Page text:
1. House Not Home
Grimwalt Place, top of Burrough Hill, eclipsed by weedy vine and long-dead ivy was never home. I never thought I would return. My taxi rolled past the rusted gate toward the circle drive lined with garish, oversized animal statuary. Humid decay, hanging thick in the air, blotted out the smoky, greasy taxi odors. This place was dead or should be.
I paid my fare, grabbed my small valise and stepped out into the sick, grey atmosphere heavy with memory and threatening rain. I tripped on a rise in the cement and my eyes caught something screaming orange against the bushes and yellowed xoysia
grass. Christ, Mother had painted the lawn jockey.
The house itself had not been changed or maintained since the night I left 15 years before. Nature encroached, leaks became pools, and hairline cracks grew into fissures and gullies. It should have made me angry or sad, but my childhood home always disgusted me anyway. I lingered on the porch. I didn’t want to be here and I did not want to see her.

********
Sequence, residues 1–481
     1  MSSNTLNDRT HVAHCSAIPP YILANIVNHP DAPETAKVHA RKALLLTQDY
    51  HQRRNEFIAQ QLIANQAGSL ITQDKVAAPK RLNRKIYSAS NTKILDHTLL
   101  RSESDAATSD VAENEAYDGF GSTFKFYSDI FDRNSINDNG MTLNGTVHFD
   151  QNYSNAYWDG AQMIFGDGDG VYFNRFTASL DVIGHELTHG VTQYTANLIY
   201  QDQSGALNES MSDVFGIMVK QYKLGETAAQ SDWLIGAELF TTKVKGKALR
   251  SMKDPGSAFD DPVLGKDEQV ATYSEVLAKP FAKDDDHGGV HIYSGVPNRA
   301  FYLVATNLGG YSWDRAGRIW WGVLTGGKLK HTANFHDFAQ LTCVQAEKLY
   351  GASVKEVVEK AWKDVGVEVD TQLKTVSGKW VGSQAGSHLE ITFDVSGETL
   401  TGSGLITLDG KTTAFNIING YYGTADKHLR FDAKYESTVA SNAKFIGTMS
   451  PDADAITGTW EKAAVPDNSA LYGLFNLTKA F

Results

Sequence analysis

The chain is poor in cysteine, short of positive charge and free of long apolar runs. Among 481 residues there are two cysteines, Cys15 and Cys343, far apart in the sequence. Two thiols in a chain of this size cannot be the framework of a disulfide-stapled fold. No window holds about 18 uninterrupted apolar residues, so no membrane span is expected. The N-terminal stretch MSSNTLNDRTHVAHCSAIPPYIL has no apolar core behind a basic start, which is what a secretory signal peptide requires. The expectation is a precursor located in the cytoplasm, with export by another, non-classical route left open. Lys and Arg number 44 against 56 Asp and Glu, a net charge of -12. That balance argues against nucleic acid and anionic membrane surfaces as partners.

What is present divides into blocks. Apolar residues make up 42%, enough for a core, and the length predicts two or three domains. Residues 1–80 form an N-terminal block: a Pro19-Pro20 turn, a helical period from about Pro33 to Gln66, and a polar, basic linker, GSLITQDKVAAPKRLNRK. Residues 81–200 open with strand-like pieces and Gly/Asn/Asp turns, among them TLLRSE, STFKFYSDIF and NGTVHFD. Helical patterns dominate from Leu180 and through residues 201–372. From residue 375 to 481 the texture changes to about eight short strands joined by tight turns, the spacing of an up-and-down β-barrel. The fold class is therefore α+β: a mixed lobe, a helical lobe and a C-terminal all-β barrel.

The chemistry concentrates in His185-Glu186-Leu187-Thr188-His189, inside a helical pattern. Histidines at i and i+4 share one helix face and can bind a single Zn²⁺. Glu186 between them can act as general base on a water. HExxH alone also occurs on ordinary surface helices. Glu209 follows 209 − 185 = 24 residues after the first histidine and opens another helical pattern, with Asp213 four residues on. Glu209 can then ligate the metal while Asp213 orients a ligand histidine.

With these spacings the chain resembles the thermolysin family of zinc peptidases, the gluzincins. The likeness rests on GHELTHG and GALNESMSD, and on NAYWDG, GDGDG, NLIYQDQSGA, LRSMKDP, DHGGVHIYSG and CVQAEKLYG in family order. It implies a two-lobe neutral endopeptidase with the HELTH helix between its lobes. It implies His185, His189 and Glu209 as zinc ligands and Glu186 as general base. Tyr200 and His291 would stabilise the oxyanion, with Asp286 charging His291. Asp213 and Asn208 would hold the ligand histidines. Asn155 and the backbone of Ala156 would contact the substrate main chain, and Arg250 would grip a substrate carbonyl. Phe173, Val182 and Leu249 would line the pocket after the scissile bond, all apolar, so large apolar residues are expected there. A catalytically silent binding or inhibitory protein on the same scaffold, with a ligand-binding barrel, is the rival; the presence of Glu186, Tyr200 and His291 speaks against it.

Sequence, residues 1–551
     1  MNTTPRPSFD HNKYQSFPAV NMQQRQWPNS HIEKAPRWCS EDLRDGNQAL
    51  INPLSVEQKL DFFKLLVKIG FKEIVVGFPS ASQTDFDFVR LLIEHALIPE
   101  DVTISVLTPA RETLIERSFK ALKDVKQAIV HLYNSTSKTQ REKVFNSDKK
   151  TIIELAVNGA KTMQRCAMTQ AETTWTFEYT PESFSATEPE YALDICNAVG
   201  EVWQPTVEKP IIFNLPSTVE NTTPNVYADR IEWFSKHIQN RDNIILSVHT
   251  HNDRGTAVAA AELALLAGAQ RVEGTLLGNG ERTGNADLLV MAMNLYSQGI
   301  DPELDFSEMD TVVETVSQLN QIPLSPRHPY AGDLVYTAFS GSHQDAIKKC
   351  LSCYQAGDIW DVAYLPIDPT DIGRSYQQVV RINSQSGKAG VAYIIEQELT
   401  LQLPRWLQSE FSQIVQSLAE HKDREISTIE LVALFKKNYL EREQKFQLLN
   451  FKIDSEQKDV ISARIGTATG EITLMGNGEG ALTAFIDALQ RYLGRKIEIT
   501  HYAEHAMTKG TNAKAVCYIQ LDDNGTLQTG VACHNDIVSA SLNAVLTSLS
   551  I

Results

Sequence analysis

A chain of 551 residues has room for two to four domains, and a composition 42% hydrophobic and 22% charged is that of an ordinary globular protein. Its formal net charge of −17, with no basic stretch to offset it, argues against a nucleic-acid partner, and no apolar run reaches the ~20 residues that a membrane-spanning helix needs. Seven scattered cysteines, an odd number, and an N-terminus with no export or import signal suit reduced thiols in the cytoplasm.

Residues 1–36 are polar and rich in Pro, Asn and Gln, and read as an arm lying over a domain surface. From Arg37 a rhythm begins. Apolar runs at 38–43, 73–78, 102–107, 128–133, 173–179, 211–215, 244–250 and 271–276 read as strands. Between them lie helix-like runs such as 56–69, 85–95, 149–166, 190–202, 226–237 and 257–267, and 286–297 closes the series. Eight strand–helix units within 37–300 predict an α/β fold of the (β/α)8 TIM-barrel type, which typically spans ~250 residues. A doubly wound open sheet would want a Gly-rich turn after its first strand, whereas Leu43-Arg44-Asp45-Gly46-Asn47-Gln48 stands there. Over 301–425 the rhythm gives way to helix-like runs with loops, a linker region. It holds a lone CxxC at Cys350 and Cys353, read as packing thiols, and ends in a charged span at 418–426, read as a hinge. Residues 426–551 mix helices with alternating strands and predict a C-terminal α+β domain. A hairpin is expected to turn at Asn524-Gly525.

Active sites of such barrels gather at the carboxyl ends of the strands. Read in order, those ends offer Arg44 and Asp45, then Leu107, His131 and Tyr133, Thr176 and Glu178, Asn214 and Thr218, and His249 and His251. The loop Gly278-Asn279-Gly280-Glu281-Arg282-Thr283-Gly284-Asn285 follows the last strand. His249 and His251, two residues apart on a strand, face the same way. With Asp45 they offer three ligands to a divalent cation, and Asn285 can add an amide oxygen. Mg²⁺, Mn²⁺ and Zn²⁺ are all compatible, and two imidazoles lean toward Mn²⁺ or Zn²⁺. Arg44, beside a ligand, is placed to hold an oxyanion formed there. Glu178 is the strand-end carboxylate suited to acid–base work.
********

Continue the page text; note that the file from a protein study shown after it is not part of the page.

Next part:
I pressed my palm against a cool pillar, got steady. Moths fluttered close to me and a hairy spider skittered off behind the porch light to a web full of captured forfeit lives. This is temporary. This is not my home. This is a stopping-off place. Halfway-house.
Half-way between new life and old life. Not my destination. Nothing of me will stay or reside here.
I will not die here. I am not my father, nor my brother. I am not Enid. I may not even be a Grimwalt. I scanned the yard once more. That damned unholy orange lawn jockey. He’s out there with his ugly lantern to call all dead things home.
“Dahlia! Get yourself in here! Oh, you’ll be rained on and my floors will be muddy!
Oh LOOOOK at you!” Her little claws seized my shoulders and pulled me into the foyer. Fake nails and big jewelry, creped skin and age spots. Little diamond-encrusted claws. First thing I see of my mother in 15 years.
Enid Redding Shields Grimwalt. No relation to Otis, Brooke or anyone else of note.
A tiny woman, crow-like with her beady black eyes and addiction to shiny objects. Born in a hardscrabble tiny town and raised by loving people with nothing. I never knew my grandparents, but according to Enid they had nothing. “One piss-pot and a dirt floor.”
Enid was a pretty child and knew it. She had been married before she met my father. Poor Mr. Shields had passed on when she was only 23. He had had more than nothing, but not really enough. Enid demanded both admiration and trinkets. She had just
about exhausted Mr. Shield’s life insurance money when Dad met her and lost his mind.
I get it. She’s my mother. I came from that. I’m no better than that. Except I saw her greed